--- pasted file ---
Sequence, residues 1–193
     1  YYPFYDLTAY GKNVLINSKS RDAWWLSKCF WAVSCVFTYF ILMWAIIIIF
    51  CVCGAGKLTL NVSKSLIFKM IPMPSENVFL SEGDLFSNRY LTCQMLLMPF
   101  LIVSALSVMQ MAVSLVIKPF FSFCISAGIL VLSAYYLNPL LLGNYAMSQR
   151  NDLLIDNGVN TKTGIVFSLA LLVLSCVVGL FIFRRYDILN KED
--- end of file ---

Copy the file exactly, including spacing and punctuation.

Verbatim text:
Sequence, residues 1–193
     1  YYPFYDLTAY GKNVLINSKS RDAWWLSKCF WAVSCVFTYF ILMWAIIIIF
    51  CVCGAGKLTL NVSKSLIFKM IPMPSENVFL SEGDLFSNRY LTCQMLLMPF
   101  LIVSALSVMQ MAVSLVIKPF FSFCISAGIL VLSAYYLNPL LLGNYAMSQR
   151  NDLLIDNGVN TKTGIVFSLA LLVLSCVVGL FIFRRYDILN KED